More on Dvorak, Democratization of Censorship, 3D Printed Gun plans take down, Google Open-sources an amazing image detection tool, Miles and Lyle argue about the ability for computers to program, social security and laws, virtual machines for browsers and malware detection and much more Geek News of the week.
Our informal poll told us that half of you like Vi and the other half like Emacs. And that half of the Emacs users can get by in Vi.
From listener Marcus:
BTW, the hjkl keyboard movement is loosly based on the ASCII meanings for control characters, ^H is backspace, ^J is linefeed. The old ADM3A terminal used ^H, ^J, ^K, ^L for the cursor movement (I think that they were the first to use this near “standard”). This was before the VT100 and ANSI escape sequences for cursor movement. Remember that the ADM3A was implemented in a single board of 7400 series ICs, so dealing with multi character escape sequences was a lot harder than single control character actions.
From listener Janine:
I live and work in the East Bay, and vim has been my editor of choice for pretty much my entire career as a software engineer. It’s efficient and works for everything I need, so why switch?
From Listener Steve (SRF)
Dvorak layout was pushed, decades ago, as being x% (or even xX, if you see what I mean) faster than Qwerty, but that was something between marketing hype and pure lie. I think testing shows that experienced Dvorak typists average 5-10% faster than experienced Qwerty typists. Hardly worth the effort of switching.
[Where] Dvorak shines is in reduced wrist strain. I switched 17 years ago or thereabouts. My wrists were getting torn up by 80 hours a week of programming and writing. Ergo keyboards helped some. Dvorak helped more. Now I mostly use Dvorak on a Kinesis ergo keyboard, and wrist and hand soreness is a thing of the past. (The Kinesis Classic keyboard, by the way, is a thing of beauty. It takes some getting used to, but after that it’s a “cold, dead hands” peripheral.)
[…] events of the past week have convinced me that one of the fastest-growing censorship threats on the Internet today comes not from nation-states, but from super-empowered individuals who have been quietly building extremely potent cyber weapons with transnational reach.
A federal appeals court ruled Tuesday against Defense Distributed, the Texas organization that promotes 3D-printed guns, in a lawsuit that it brought last year against the State Department.
In a 2-1 decision, the 5th Circuit Court of Appeals was not persuaded that Defense Distributed’s right to free speech under the First Amendment outweighs national security concerns.
Google has open-sourced a model for its machine-learning system, called Show and Tell, which can view an image and generate accurate and original captions.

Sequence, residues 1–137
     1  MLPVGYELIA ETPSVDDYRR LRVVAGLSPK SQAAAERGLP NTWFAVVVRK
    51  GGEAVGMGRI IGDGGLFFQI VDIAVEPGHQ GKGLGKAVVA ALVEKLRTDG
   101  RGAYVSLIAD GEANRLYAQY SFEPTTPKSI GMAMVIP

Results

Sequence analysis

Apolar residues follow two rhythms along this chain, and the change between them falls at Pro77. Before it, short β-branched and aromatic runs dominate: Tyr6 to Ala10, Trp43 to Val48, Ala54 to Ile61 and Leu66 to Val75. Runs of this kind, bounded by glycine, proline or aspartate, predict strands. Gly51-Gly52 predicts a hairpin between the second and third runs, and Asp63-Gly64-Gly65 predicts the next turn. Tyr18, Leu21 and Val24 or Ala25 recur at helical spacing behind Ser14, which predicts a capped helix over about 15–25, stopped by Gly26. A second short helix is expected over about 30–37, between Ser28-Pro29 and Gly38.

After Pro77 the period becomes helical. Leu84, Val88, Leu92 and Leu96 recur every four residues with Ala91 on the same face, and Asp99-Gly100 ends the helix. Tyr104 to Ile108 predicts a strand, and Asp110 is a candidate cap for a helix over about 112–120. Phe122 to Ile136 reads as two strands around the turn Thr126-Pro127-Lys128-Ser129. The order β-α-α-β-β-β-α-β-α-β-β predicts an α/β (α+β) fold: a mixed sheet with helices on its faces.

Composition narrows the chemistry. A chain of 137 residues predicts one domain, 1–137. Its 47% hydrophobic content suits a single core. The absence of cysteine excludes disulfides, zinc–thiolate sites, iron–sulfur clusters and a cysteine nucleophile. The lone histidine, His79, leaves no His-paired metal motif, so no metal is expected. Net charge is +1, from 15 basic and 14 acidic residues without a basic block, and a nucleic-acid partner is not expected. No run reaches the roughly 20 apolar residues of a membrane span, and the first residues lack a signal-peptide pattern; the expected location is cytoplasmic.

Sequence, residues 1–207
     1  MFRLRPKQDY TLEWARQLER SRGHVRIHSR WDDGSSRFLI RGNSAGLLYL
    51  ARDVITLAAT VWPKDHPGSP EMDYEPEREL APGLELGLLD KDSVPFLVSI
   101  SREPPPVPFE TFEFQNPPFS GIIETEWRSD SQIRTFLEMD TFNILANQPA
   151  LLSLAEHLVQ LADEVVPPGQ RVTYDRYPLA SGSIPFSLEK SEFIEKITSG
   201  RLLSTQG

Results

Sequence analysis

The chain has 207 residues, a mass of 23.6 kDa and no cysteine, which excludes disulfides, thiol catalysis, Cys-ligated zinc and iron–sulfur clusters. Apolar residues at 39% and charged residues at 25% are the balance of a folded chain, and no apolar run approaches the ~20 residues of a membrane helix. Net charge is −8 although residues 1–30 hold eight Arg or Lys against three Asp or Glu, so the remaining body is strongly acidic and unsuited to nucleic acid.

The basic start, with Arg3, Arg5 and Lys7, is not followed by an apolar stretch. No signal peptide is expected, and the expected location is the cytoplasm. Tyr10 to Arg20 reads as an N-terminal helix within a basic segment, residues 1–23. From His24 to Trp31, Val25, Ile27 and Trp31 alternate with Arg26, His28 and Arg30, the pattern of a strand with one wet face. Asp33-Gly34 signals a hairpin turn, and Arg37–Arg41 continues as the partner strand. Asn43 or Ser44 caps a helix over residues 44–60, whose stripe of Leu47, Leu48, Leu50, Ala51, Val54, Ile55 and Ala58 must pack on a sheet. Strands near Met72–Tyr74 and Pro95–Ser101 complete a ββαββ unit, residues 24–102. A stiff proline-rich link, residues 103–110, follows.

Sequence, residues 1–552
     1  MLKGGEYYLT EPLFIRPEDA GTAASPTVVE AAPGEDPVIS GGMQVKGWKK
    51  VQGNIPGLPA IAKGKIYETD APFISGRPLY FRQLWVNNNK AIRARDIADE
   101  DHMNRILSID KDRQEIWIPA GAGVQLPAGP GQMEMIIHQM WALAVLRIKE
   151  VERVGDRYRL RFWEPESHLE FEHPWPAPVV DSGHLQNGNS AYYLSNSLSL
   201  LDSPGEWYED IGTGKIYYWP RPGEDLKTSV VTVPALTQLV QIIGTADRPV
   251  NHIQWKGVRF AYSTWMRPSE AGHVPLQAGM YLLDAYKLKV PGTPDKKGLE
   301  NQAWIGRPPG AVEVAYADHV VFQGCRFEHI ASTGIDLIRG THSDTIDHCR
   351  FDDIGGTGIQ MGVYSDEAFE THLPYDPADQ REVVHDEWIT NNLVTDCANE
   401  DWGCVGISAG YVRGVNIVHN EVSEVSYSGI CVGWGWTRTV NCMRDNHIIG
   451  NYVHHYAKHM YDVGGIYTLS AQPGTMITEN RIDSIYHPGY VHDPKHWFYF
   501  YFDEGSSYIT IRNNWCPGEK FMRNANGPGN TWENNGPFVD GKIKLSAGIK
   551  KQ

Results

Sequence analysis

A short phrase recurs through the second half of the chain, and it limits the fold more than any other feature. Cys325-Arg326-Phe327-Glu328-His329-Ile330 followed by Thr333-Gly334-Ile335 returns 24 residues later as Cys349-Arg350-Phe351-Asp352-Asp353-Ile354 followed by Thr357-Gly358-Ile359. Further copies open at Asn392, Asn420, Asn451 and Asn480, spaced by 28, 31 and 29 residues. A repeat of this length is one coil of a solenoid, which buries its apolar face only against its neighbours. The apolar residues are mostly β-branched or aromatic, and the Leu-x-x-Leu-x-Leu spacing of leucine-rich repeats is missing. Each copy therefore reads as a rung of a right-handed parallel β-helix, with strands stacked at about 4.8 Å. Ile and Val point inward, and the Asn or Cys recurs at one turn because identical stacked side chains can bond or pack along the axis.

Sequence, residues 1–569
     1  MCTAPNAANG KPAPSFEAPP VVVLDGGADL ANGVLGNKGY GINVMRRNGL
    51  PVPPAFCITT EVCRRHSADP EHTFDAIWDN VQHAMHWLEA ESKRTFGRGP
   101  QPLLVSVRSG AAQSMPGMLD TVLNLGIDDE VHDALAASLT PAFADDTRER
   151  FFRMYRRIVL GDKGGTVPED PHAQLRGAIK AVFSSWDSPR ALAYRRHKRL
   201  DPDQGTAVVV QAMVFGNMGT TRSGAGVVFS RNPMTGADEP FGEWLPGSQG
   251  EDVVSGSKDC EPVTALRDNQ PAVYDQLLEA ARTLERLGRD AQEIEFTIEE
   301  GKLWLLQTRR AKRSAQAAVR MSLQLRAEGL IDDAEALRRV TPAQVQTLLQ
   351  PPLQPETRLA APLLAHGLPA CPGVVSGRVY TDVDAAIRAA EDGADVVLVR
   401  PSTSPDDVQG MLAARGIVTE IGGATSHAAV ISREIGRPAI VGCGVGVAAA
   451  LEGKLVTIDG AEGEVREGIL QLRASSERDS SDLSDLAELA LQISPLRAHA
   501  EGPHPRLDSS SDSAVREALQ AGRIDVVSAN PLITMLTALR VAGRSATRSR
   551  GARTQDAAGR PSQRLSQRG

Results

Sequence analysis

A social hangout website for teenage girls has sprung a leak that’s exposing plaintext passwords protecting as many as 5.5 million user accounts. As this post went live, all attempts to get the leak plugged had failed.
California Gov. Jerry Brown on Saturday signed legislation that requires certain entertainment sites, such as IMDb, to remove — or not post in the first place — an actor’s age or birthday upon request.
Microsoft has announced that the next major update to Windows 10 will run its Edge browser in a lightweight virtual machine. Running the update in a virtual machine will make exploiting the browser and attacking the operating system or compromising user data more challenging.
Occasionally, contrarians will say that no single weather event can prove human-caused global warming. But then they’ll point to somewhere that’s cold, claiming this disproves climate change.
A fresh update for Capcom’s Street Fighter V for PCs includes a knock-out move: a secret rootkit that gives any installed application kernel-level privileges.
Last week YouTuber TechRax uploaded a video in which he outlined a “secret hack” to get a headphone jack in the iPhone 7. In the video, he uses a drill to forcibly insert a hole into his smartphone which, as you’d imagine, doesn’t actually work. Unfortunately, that joke has flown over the heads of many, and TechRax has therefore been unwittingly responsible for a number of people actually drilling holes into their iPhone 7 handsets. Stop the planet, I want to get off.
All 28 websites on North Korea’s version of the internet were opened to outsiders, causing a surge of demand that flooded the state’s systems
The malware, according to researcher Caleb Fenton with security firm SentinelOne, evades detection simply by counting the number of documents – or the lack thereof – that reside on a PC and not executing if a certain number are not present.